A while back, I posted a way to make simple reflective wall sensor responses appear linear. After struggling with it for a while, it is apparent that it is over complicated. There is an easier way to get acceptable responses…
The previous method is here. While the results are very accurate, the method requires two readings for each sensor to calculate the constants and it is all a bit fiddly to get right. A conversation with Khiew Tzong Yong revealed that he takes only one reading to calibrate his sensors. Have a look again at a typical sensor response with ADC reading plotted against distance from the wall. Here three responses show the effect of walls of slightly different reflectivities.
It is not immediately clear from the graphs what is going on although it is easily explained. The red curve represents a ‘standard’ wall. The blue response is from a slightly less reflective wall and the green one from a slightly more reflective wall. Each of these is simply the standard response multiplied by some constant representing wall reflectivity.
As before, these curves are a good fit to an exponential so that we can transform them to a pretty good straight line by taking the logarithm of the ADC reading an calculating 100/ln(ADC). On the mouse, it is convenient to create a table of natural logarithms suitably scaled because it is a relatively expensive operation to calculate them in real time on the mouse. Once transformed, the three responses look like this:
Now the responses look pretty useable for steering but there is still the problem of the wall reflectivity. when the mouse is in the correct position in the maze, the sensor should return a specific value. Suppose I want that to be 100. It doesn’t need to be an actual distance – the important thing is that the value always be in a given range and that, at any actual distance, the response be the same.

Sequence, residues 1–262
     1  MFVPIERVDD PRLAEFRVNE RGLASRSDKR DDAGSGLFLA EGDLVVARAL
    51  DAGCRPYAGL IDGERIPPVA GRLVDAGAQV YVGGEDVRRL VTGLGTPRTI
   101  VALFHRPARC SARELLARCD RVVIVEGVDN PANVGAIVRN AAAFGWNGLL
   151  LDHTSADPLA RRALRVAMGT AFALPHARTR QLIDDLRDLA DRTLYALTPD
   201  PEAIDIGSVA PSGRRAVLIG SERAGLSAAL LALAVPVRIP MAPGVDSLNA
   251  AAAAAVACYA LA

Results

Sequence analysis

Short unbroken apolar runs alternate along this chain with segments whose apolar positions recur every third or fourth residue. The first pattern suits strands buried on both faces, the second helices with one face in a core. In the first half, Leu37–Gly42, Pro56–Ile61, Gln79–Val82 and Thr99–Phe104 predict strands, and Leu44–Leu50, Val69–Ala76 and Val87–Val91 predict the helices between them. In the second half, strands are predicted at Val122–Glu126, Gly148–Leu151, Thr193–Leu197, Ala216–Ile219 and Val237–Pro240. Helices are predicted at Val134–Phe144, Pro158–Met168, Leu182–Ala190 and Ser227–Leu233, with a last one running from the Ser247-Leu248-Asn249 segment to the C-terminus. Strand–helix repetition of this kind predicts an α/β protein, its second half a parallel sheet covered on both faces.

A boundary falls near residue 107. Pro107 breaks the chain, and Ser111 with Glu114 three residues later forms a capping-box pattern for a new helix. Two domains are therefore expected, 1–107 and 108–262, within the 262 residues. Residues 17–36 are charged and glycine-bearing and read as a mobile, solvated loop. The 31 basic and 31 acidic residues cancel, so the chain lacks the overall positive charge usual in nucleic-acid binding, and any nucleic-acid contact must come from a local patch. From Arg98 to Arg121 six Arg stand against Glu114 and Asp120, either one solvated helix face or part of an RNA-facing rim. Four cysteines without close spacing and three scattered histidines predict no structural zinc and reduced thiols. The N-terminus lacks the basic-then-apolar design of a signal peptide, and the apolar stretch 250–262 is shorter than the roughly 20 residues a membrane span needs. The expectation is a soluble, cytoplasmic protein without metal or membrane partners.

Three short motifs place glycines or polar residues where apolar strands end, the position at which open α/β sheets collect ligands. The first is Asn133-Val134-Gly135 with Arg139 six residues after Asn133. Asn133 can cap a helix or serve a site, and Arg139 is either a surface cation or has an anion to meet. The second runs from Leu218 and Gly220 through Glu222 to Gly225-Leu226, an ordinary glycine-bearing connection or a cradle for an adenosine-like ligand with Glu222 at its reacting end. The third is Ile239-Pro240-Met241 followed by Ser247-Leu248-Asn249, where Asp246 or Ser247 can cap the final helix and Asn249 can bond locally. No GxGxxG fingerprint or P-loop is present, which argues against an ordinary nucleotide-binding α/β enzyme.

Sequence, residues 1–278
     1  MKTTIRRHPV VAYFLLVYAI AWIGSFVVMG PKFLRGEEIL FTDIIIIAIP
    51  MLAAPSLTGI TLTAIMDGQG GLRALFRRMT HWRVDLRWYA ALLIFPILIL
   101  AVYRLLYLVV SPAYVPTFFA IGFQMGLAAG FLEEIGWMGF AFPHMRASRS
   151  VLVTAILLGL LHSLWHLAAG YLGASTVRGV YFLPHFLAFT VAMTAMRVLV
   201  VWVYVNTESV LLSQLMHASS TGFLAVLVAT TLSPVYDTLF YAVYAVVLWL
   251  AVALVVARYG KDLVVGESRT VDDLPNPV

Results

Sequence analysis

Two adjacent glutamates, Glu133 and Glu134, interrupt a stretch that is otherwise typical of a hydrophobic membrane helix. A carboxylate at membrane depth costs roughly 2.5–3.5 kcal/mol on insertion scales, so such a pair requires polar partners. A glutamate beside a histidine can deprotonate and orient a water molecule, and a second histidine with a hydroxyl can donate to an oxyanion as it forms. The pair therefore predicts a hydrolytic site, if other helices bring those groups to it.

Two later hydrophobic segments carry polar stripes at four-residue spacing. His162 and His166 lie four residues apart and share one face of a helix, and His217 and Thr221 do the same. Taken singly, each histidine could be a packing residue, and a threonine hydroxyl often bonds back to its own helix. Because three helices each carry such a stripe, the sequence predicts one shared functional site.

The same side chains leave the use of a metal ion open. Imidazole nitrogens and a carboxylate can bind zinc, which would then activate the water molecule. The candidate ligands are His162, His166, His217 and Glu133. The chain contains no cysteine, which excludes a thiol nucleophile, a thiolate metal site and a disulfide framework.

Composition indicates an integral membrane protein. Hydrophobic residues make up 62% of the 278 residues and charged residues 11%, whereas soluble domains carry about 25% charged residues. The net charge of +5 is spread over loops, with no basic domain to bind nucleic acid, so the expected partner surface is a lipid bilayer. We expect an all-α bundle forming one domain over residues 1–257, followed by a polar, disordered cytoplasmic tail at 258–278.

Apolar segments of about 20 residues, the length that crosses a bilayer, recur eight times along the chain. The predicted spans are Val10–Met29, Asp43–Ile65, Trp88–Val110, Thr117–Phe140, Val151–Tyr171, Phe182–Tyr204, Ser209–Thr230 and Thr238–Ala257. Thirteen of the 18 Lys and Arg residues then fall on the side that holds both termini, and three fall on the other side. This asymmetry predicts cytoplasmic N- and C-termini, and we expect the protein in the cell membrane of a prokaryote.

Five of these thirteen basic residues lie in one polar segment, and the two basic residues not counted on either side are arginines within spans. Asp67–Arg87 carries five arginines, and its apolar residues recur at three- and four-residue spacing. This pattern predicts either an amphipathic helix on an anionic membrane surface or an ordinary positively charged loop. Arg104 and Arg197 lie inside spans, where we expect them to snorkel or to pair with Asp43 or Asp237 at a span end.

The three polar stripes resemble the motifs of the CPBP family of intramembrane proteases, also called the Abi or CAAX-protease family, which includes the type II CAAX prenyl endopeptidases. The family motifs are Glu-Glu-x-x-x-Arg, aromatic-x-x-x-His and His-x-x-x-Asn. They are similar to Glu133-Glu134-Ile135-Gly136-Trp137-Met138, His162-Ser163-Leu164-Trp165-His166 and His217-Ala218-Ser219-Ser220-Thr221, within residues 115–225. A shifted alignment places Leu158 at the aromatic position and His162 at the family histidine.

All that is needed is to record the actual sensor value at the proper position and use that to scale the responses. So, for this example, I choose the ‘proper’ distance to be 50mm and record the ADC reading at that point (ADC50). All the sensor readings are then converted using the equation Distance = 100*ln(ADC50)/ln(ADC). Clearly, when the sensor is at 50mm from the wall, it must now give a value of 100 once it has been calibrated for that wall. A single reference reading is enough to calibrate the sensor. Now the responses look like this:
You will see that there is a small change in slope caused by the different reflectivity but otherwise the three responses are now very similar and certainly good enough to use in the mouse.
One caution though. Suppose you callibrate against an odd wall. It soon becomes apparent in contests that not all the walls are as reflective as each other and they may easily vary by 10%. If you are using infra-red sensors, you may not be able to see the difference between lighter and darker walls. The result will be that your mouse may run with an offset – preferring to be a few mm off centre. This will probably not be too much of a problem and you can see mice do this occasionally.
There is some danger in calibrating between two dark walls or between two light walls as that can mess up your steering algorithm depending on how you do it. Always check in a couple of places but the moral is – reflective walls sensors are not highly reliable and should not be relied upon for sub-millimetre accuracy.
Thanks to Khiew Tzong Yong for pointing this method out to me.